Multi-assetMar 26 2012

Does risk guarantee rewards?

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BySimona Stankovska

Constructing investment portfolios can be a minefield at the best of times.

However, the Japanese earthquake and tsunami, the Arab Spring and the bear market in August made 2011 an even more difficult year for investors to allocate their assets appropriately.

This led to aversion to risk, as most investors fled to safe haven asset classes or retained their money in cash in order to preserve their savings.

According to the IMA, the top-selling sectors for retail investors in 2011 were the IMA Cautious Managed, IMA Balanced Managed and IMA Sterling Strategic Bond sectors, which saw combined inflows of more than £2.4bn.

With £1.4bn of that going straight into the IMA Cautious Managed sector, could investors have been attracted to these funds simply because of their name, or were they really the best choice?


Research by Skandia last year found that roughly 90 per cent of financial advisers believe that funds labelled ‘cautious’ lull investors into thinking their investment is safe, yet the reality is often very different.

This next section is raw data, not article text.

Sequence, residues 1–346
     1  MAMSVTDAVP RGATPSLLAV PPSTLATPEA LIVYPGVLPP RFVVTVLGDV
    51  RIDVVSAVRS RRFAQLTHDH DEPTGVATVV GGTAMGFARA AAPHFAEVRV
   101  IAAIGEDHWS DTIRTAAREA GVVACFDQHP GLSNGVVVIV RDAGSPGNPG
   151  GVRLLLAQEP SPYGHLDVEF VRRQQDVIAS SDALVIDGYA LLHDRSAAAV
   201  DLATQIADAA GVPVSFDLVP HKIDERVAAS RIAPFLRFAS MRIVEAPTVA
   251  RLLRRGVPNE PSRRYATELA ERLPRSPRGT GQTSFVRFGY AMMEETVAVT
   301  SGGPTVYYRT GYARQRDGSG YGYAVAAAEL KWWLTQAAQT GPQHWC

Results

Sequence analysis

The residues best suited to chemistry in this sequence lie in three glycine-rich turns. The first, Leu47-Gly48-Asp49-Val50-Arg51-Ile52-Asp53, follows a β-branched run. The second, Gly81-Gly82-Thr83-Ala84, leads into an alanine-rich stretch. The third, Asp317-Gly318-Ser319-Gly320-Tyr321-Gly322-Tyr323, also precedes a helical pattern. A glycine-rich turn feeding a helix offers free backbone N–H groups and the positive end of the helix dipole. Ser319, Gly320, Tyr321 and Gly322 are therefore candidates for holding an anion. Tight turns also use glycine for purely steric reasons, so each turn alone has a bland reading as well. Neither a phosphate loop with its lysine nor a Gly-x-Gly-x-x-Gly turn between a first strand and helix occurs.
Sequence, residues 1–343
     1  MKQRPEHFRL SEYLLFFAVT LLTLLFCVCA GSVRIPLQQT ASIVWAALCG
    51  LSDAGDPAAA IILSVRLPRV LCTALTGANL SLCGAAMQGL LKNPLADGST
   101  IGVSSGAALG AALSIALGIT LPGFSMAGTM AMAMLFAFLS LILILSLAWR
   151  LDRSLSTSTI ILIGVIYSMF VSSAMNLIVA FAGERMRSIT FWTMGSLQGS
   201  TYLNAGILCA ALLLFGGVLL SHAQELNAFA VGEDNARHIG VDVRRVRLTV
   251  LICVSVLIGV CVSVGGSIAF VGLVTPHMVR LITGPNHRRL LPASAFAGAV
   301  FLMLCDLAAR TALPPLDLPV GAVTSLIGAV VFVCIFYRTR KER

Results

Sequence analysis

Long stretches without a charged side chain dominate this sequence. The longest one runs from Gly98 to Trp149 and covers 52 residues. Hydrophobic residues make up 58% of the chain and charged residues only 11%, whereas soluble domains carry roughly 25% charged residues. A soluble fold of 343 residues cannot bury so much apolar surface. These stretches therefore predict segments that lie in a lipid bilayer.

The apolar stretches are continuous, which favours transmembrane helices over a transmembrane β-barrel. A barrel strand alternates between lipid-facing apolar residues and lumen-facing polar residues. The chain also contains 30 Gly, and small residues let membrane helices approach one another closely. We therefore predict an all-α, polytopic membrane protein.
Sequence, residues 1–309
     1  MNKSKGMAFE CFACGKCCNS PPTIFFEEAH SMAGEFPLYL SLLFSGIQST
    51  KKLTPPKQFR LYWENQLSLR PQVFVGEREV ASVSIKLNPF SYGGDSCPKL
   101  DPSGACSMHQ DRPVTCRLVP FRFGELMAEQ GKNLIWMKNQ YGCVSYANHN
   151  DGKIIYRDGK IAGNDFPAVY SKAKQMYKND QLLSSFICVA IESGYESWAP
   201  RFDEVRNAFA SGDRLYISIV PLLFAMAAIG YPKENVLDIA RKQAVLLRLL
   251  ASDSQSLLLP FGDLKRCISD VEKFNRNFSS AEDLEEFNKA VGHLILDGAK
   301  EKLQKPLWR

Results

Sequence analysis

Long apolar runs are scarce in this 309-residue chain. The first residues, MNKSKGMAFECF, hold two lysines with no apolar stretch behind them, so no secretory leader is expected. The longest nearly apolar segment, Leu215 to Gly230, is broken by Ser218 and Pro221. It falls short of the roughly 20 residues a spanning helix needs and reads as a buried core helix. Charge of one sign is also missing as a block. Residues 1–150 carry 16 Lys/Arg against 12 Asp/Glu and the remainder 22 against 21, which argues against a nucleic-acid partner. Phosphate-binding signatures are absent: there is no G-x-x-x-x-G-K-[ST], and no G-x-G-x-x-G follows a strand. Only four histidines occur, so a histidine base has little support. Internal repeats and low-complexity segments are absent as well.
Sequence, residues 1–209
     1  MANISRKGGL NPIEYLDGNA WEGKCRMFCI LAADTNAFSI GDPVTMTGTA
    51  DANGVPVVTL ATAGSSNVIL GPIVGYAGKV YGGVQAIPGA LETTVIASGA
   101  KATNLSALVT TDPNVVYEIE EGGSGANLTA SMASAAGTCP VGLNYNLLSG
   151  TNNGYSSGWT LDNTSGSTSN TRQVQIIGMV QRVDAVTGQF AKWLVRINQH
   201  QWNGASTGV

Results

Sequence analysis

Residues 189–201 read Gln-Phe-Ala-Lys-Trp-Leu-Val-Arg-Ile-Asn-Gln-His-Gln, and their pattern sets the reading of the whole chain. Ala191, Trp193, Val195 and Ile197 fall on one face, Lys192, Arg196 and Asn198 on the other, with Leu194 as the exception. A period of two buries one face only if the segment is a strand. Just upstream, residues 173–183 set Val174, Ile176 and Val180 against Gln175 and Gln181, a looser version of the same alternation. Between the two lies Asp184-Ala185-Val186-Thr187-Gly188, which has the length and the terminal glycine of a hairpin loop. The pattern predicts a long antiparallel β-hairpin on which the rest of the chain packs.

This common misconception led to the IMA renaming the Cautious Managed sector Mixed Investment 20-60 per cent Shares, on January 1 2012, in the hope that it will create more clarity for investors.

This means funds that now label themselves ‘cautious’ will mainly only be able to invest between 20-60 per cent in equities and half of the money that they hold has to be in the UK or Europe.

Patrick Connolly, head of communications at AWD Chase de Vere, argues: “The IMA was rightly forced to change the sector headings because the previous descriptions, while being great for investment companies trying to promote their funds, were potentially misleading.

“What they have achieved are headings which aren’t misleading, which are aligned to those used by life insurance companies and where investors should be more focused on understanding individual funds rather than assuming that all funds in a sector are similar. If an investor selects a cautious managed fund they quite rightly expect that fund to be cautiously managed,” he adds.

Martin Bamford, managing director of Informed Choice, agrees that the rename made sense, but argues that with many funds continuing to refer to their strategy as cautious, there is still room for confusion.

“Cautious can be a rather misleading title for a fund. The names of risk levels are very subjective and should be considered on conjunction with the financial goals of the investor. Too often, fund names are considered in isolation from investment goals,” he says.

“Holding up to 60 per cent in shares is certainly more cautious than an equity only strategy, but relative to most expectations of ‘cautious’ it is too high risk.”